Avoiding Plagiarism Building Academic Integrity
Academic Misconduct All forms of academic misconduct are prohibited by the Student Code of Conduct. Academic misconduct is anA-level offense and is defined by the student code of conduct as Dishonesty or Deception in fulfilling academic requirements. It includes, but is not limited to: • cheating • plagiarism • un-permitted collaboration • forged attendance (when attendance is required) • fabrication (e.g., use of invented information or falsification of research or other findings) • using advantages not approved by the instructor (e.g., unauthorized review of a copy of an exam ahead of time) • knowingly permitting another student to plagiarize or cheat from one's work • submitting the same assignment in different courses without consent of the instructor. Note: An instructor may impose a grade penalty for academic misconduct and/or file a judicial referral. If you are unsure about a question of academic misconduct, consult your instructor or the director of Judiciaries. If you are found to be involved in academic misconduct, your instructor has the option of lowering your grade or giving you an F grade on the project or in the course, and/or referring you to Judiciaries. Possible sanctions through Judiciaries are suspension, expulsion, or any sanction not less than a reprimand. (University Judiciaries, 2011)
Facts About Plagiarism • “A study by The Center for Academic Integrity found that almost 80% of college students admit to cheating at least once.” • “According to a survey by the Psychological Record 36% of undergraduates have admitted to plagiarizing written materials.”
Facts About Plagiarism • “A national survey published in Education Week found that 54% of students admitted to plagiarizing from the internet; 74% of students admitted that at least once during the past school year they had engaged in “serious” cheating; and 47% of students believe their teachers sometimes choose to ignore students who are cheating.”
What is Plagiarism • Merriam-Webster Online Dictionary: to “plagiarize • To steal and pass off (the ideas and words of another) as one’s own • To use (another’s production) without crediting the source • To commit literary theft • To present as new and original an idea or product derived from an existing source
Plagiarism • Turning in someone else’s work as your own • Copying words or ideas from someone else without giving credit • Failing to put a quotation in quotation marks • Giving incorrect information about the source of a quotation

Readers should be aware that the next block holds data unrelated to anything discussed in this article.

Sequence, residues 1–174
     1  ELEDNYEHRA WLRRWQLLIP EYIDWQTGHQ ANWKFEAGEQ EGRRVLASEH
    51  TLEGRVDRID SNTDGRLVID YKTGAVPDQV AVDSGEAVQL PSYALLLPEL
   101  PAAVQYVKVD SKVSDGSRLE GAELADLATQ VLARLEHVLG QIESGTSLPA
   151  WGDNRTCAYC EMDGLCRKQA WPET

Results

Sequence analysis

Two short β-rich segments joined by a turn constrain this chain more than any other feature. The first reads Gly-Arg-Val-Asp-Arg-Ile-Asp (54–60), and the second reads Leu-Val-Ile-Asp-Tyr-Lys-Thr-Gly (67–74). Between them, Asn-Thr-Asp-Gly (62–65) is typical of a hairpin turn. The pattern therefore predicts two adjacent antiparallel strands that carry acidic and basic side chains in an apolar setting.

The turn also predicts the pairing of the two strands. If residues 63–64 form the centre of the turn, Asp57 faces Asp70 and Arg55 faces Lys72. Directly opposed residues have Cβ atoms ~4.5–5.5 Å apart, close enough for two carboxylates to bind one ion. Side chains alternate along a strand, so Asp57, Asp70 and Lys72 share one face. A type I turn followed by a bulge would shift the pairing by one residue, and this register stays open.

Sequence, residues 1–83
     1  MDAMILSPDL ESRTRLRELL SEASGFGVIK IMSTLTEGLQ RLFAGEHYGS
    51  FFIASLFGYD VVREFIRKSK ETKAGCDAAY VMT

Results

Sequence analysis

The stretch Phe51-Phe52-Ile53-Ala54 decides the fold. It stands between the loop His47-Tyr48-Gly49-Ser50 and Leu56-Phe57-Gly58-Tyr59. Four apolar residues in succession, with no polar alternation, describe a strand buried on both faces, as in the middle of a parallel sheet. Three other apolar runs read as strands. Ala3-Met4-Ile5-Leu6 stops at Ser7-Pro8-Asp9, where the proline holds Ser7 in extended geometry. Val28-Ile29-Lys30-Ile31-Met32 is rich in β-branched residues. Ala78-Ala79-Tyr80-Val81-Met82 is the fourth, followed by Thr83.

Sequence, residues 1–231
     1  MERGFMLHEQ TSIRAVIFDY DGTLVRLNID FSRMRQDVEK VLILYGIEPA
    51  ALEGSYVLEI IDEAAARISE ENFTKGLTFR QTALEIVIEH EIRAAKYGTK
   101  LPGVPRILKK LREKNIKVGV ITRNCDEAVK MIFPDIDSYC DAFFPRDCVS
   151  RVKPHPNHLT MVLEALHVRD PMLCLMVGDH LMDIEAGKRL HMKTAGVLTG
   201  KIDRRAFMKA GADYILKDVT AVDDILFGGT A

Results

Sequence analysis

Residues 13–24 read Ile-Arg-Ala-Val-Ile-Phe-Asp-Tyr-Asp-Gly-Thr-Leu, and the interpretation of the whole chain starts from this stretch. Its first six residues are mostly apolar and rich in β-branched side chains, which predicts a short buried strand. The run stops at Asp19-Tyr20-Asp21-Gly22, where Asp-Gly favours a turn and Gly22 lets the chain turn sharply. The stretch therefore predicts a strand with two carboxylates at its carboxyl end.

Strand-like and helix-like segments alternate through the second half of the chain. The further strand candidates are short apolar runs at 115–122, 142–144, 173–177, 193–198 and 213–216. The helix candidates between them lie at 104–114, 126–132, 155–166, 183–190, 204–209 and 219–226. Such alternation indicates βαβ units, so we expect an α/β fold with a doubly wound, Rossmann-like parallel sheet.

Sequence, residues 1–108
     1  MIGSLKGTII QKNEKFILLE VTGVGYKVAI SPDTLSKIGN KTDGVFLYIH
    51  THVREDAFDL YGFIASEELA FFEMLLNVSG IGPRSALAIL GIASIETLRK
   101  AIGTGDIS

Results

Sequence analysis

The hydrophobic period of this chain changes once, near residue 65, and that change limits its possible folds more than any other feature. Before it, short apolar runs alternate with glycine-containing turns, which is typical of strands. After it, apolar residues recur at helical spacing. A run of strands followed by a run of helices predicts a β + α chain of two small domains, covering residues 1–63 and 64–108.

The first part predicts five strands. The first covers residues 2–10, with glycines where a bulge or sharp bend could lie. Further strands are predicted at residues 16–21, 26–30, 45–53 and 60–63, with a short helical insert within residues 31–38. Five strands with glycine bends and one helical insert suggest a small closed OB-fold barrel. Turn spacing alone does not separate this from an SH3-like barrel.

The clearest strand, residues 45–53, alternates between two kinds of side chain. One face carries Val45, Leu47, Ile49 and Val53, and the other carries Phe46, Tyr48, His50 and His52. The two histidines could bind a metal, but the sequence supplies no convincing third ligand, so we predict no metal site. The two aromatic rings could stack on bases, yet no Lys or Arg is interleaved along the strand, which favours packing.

Plagiarism • Changing words but copying the sentence structure of a source without giving credit • Copying so many words or ideas from a source that is makes up the majority of your work, whether you give credit or not • Using your own work from previous classes (without faculty consent or citing yourself)
Crediting Sources “A critical part of the writing process is helping readers place your contributions in context by citing the researchers who influenced you” (APA, 2010, p. 169).
When to Cite • Work that directly influenced your work • Credit ideas of others you build off of • All facts and figures that are not common knowledge • Direct quotations and paraphrased material
Direct Quotation of Sources Interpreting these results, Robbins et al., (2003) suggests that the “therapists in dropout cases may have inadvertently validated parental negativity about the adolescent without adequately responding to the adolescent’s needs or concerns” (p. 541), contributing to an overall climate of negativity.
Direct Quotation of Sources Confusing this issue is the overlapping nature of roles in palliative care, whereby “medial needs are met by those in the medical disciplines; nonmedical needs may be addressed by anyone of the team” (Csikai & Chaitin, 2006, p. 112).
Direct Quotation of Sources This is the paragraph leading to the direct quote that is over 40 words. Others have contradicted this view: Co-presence does not ensure intimate interaction among all group members. Consider large-scale social gatherings in which hundreds or thousands of people gather in a location to perform a ritual or celebrate an event. In these instances, participants are able to see the visible manifestation of the group, the physical gathering, yet their ability to make direct, intimate connections with those around this is limited by the sheer magnitude of the assembly. (Purcell, 1997, pp. 111-112) The paper continues as normal after the large direct quote.
Citing Within Quotations “In the United States, the American Cancer Society (2007) estimated that about 1 million cases of NMSC and 59,940 cases of melanoma would be diagnosed in 2007, with melanoma resulting in 8,110 deaths” (Miller et al., 2009, p. 209).
Paraphrasing Material Kessler (2003) found that among epidemiological samples. . . Early onset results in a more persistent and severe course (Kessler, 2003). In 2003, Kessler’s study of epidemiological samples showed that. . .
Paraphrasing Within a Paragraph Among epidemiological samples, Kessler (2003) found that early onset social anxiety disorder results in a more potent and severe course. Kessler also found. . . . The study also showed that there was a high rate of comorbidity with alcohol or dependence and major depression (Kessler, 2003).
Reference List The reference list at the end of a work provides the information necessary to identify and retrieve each source. Include only the sources that you used in the research and preparation of the work.
References • Must be correct and complete • Usually contains the following elements: • Author • Year of publication • Title • Retrieved date & url address (if electronic source) • Alphabetized list • Accurately prepared references help establish your credibility